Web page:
Food Deserts in a Pandemic

Residents of the Douglass Homes “affordable” housing community in Baltimore are organizing with supporters to get food during the coronavirus pandemic. Like other people in impoverished communities in Baltimore and around the country, Douglass Homes residents have few places to shop for groceries. These neighborhoods are often “food deserts” even in better times, with no or very few supermarkets. So, when the one grocery store nearby has empty shelves, what are you supposed to do? Few of these folks have their own cars, while riding public transit increases your risk of infection.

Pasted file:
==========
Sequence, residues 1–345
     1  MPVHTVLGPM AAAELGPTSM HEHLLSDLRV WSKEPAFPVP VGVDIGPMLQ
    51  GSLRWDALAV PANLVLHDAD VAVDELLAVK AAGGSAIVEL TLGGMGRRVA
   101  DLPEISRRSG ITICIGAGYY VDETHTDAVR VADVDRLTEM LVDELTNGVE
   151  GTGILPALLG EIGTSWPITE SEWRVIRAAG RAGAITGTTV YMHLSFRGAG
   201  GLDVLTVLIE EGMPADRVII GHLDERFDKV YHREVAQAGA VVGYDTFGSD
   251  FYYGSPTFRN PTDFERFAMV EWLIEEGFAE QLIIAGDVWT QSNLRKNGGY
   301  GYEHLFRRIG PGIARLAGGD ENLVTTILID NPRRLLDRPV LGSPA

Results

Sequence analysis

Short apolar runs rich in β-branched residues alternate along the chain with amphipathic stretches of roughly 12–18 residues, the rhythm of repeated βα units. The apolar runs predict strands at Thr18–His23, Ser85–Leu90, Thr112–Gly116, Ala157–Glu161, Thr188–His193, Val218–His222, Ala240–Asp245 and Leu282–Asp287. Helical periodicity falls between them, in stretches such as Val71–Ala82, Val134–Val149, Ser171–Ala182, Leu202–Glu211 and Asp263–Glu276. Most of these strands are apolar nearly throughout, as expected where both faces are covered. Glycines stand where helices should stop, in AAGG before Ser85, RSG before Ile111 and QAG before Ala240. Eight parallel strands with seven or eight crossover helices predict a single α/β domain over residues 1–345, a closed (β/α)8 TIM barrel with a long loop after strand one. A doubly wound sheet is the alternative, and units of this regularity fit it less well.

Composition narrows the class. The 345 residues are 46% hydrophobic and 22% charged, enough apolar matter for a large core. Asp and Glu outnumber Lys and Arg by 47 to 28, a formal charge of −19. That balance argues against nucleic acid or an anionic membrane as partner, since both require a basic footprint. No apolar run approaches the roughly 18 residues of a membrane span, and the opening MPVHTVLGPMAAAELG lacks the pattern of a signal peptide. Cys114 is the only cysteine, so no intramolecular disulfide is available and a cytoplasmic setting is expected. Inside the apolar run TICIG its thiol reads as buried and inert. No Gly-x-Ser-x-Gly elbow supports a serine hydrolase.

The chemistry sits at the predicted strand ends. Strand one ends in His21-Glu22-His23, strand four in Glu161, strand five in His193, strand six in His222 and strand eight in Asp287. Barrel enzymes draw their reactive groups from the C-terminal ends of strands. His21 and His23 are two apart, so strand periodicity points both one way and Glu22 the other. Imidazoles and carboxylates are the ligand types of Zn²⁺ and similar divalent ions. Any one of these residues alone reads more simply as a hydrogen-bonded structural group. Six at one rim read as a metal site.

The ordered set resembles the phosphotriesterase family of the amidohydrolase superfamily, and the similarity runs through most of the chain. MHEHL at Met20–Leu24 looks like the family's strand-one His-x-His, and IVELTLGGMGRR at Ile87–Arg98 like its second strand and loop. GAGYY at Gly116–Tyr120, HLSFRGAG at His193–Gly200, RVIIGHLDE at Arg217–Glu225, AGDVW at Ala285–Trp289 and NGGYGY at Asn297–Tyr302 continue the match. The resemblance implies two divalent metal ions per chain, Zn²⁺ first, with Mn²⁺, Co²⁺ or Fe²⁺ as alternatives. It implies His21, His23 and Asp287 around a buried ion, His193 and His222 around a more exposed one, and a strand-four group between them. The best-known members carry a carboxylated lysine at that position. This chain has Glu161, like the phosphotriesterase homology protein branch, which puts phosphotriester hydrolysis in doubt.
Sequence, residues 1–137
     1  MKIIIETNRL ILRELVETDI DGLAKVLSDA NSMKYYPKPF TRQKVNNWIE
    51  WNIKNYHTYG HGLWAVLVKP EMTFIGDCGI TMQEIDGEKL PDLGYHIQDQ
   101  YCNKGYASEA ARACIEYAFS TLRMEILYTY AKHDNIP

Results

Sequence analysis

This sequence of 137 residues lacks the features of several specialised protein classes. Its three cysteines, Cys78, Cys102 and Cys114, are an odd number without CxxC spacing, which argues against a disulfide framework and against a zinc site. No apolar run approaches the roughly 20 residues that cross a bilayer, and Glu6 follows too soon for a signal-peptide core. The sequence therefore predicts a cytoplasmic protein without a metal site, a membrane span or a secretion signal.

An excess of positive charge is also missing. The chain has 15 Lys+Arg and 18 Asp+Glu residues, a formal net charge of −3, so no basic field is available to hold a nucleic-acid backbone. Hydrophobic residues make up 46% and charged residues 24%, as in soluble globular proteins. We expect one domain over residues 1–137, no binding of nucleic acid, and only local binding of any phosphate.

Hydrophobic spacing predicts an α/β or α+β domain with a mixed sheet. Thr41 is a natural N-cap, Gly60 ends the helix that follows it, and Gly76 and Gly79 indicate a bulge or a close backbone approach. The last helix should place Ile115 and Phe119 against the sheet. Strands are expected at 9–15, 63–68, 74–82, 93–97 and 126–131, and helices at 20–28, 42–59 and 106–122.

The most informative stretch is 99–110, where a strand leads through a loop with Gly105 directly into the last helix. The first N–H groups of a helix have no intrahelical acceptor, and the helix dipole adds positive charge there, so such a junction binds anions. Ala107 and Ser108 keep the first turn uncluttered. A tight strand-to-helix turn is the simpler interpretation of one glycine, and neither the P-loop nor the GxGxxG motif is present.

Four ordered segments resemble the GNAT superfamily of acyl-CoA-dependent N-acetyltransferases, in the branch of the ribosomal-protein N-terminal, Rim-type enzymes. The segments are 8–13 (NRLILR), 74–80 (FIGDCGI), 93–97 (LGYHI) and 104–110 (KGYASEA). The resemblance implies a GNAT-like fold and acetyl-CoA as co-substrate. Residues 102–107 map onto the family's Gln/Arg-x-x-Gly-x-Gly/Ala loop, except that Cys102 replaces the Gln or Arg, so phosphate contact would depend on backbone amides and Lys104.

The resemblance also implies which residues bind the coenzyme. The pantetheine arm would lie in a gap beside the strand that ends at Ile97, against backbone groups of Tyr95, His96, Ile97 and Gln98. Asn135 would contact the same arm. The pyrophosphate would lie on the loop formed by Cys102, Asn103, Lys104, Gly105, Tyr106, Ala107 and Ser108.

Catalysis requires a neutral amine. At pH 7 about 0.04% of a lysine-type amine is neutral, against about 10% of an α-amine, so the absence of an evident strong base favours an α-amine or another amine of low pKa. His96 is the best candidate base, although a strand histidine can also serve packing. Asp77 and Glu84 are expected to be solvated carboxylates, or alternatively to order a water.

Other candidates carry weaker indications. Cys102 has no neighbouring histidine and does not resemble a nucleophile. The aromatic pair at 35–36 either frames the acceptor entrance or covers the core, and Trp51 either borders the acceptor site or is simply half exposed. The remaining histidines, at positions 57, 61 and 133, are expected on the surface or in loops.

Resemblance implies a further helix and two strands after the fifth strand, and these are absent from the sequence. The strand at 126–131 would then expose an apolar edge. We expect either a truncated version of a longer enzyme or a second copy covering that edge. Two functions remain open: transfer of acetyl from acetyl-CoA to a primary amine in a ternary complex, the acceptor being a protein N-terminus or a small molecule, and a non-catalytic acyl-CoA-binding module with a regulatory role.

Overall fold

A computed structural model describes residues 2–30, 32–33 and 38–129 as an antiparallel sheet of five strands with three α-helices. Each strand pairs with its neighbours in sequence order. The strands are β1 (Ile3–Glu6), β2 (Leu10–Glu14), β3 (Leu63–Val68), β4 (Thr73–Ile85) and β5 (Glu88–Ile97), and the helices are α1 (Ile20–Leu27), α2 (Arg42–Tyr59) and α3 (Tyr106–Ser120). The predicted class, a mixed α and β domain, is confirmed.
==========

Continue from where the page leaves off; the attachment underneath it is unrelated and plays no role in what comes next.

In Baltimore, the vast majority of public or private “affordable” housing residents are people of color, in this case African American. They face racism not only in housing and access to food, but in access to health care.  The same is true across the U.S. 

So what about access to Covid-19 tests and other resources? Maryland officials have so far refused to release data by race on coronavirus cases and treatment.  Why not?  They release data by city and county.

People are going to have to organize to get the information we need, just like the Douglass Homes residents and their supporters are organizing to get food in a “desert” made by racism.

Featured image credit: Wikimedia Commons